July 1, 1944: Setting the Sun
Admiral Nimitz sighed as he leaned back in his desk at the 5th Fleet's Naval Headquarters at Guam. It was done. It had taken every flight deck the USN had at sea to destroy the last great assault by the Japanese Navy, but it was done.
The IJN had sortied in strength, pitting four CVs against Allied supply lines near Pearl Harbor. It was an audacious move and had nearly succeeded. It was blind luck that the Enterprise and Essex had left Pearl Harbor to escort the troop convoy to the South Pacific. Many had said it was unnecessary, that the IJN had retreated to Tokyo Bay, but Nimitz had overruled them. But still, it had been costly. Enterprise was severely damaged and the Essex would also require a moderate stay in the sprawling shipyard at Pearl. But they had repulsed the IJN, damaging two of the CVs, and setting the stage for one of the greatest chases in naval history.
Six fleet carriers had been detached from the Phillipines Convoy Staging Area and set to intercept the marauders before they could reach safe harbor. And intercept they had. The enemy had broken off into two TFs, apparently in an attempt to ensure that at least 2 CVs would return to Tokyo. TF 78.1, led by the battle veteran Yorktown, caught the Hiryu and Echiago near the Marshalls and devastated them with no losses of their own. TF 78.2 caught the Akagi and Kaga near Wake Island and sunk both of the CVs, again with no loss of their own.
Nimitz sighed again and turned his eyes to battle reports. Four IJN CVs destroyed at a cost of two damaged on the Allied side. Yes, he would take that victory any day. The IJN had just taken a fearful loss. Operation Grand Slam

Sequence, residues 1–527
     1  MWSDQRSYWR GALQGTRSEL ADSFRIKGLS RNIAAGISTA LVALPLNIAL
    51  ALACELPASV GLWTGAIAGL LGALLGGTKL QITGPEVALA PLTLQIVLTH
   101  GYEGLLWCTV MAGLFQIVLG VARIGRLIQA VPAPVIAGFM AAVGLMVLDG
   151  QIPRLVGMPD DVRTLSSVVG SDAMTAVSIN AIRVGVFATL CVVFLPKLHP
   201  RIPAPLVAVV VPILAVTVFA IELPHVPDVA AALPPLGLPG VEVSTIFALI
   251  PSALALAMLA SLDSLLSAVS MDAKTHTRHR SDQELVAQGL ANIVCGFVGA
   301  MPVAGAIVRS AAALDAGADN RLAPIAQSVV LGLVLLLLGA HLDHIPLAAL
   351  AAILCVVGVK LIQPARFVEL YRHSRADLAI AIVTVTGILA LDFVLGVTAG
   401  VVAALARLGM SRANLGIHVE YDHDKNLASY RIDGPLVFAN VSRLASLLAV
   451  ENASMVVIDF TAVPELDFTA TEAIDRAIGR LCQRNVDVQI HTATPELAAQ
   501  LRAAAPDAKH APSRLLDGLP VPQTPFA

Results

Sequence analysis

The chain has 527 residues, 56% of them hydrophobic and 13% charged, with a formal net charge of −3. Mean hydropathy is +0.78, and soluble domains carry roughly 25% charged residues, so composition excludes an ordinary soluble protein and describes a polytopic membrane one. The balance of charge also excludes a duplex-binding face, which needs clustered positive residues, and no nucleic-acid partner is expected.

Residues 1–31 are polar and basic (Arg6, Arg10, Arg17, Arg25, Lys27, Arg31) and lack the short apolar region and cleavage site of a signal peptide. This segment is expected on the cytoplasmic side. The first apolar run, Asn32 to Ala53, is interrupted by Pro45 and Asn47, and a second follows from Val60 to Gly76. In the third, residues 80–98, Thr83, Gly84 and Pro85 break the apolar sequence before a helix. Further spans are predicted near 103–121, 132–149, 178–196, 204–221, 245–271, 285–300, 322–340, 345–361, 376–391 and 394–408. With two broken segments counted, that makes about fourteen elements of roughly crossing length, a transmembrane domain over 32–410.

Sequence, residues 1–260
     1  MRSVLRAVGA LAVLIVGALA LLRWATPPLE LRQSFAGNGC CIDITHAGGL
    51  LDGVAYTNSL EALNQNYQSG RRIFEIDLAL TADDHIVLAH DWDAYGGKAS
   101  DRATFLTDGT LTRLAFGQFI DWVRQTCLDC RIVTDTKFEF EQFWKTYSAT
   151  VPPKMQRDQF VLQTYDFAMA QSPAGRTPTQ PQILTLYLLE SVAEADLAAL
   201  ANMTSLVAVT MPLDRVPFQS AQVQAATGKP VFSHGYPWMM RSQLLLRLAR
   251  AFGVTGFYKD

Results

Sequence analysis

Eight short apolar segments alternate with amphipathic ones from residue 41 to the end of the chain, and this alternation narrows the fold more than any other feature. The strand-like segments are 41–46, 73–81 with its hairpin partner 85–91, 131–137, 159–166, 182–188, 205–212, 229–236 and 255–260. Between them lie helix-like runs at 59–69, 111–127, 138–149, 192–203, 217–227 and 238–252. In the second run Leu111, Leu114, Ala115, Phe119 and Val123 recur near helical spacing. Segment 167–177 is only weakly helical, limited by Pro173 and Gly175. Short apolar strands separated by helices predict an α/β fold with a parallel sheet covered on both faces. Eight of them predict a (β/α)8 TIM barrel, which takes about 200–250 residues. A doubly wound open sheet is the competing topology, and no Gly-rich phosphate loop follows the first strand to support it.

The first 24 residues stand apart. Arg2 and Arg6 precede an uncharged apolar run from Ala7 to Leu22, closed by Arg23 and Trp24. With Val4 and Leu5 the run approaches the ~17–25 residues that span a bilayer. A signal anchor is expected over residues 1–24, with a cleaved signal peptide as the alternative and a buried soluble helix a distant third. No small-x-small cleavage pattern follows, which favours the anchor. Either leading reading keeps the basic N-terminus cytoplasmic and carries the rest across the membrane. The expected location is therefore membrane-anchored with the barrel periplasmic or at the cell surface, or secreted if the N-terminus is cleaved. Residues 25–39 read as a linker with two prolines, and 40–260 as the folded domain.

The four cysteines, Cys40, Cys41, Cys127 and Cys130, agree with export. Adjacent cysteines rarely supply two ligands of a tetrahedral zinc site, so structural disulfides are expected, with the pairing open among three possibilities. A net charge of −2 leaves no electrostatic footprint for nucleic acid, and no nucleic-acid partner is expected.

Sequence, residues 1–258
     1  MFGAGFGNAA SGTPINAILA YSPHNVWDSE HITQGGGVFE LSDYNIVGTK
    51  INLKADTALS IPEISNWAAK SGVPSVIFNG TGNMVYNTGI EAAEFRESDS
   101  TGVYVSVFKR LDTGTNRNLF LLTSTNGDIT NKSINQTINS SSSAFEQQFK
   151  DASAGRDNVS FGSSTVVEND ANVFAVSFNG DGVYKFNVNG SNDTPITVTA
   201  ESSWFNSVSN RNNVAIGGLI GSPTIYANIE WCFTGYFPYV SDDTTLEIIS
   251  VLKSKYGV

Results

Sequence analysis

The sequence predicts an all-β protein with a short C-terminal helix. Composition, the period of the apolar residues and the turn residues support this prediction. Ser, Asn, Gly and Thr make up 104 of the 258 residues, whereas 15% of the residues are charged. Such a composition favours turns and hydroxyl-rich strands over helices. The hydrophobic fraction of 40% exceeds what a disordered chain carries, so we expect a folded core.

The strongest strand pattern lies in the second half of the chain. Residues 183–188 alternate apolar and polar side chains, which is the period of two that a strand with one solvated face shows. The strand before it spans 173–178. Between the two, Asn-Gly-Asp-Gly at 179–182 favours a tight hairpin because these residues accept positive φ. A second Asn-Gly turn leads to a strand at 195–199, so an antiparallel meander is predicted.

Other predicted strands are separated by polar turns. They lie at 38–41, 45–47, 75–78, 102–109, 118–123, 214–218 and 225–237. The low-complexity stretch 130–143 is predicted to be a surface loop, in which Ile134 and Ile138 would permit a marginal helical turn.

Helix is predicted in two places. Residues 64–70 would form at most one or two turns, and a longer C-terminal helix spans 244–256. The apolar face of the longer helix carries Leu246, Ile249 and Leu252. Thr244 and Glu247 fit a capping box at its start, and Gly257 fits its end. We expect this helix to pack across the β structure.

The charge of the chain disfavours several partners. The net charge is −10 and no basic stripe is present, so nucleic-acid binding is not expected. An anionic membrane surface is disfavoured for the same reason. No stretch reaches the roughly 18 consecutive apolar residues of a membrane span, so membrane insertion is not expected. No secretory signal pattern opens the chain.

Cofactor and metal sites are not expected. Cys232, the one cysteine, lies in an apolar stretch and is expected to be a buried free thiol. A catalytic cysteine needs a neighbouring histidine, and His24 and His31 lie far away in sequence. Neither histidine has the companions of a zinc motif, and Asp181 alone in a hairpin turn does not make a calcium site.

After careful consideration, it was determined that the most effective method of cutting Japan off from their industrial lifeline in the DEI would be the neutralization of the Philippines. Invading the Japanese home islands would require the invasion of Iwo Jima as well as the surrounding islands, which offered little in the way of airbases and naval facilities. Attempting a reduction of the Japanese home islands from these bases was discarded as ineffective.
Thus, the invasion of the Philippines was initiated in the first 6 months of 1944.
The initial landings were made at the southern point of Luzon at Naga. The campaign progressed rapidly with Manila and Clark Field secured by June. Japanese losses were incredibly heavy in both men and materiel, with over 700 aircraft lost as well as at least 4 divisions of IJA troops.
In addition, with the Philippine Sea secured IJN losses in cargo and tanker vessels skyrocketed. IJN convoys are now taking the long route through the Sulu Sea, costing them time and fuel. With Luzon secured, the noose will tighten and supply transport out of Honshu should slow to nothing.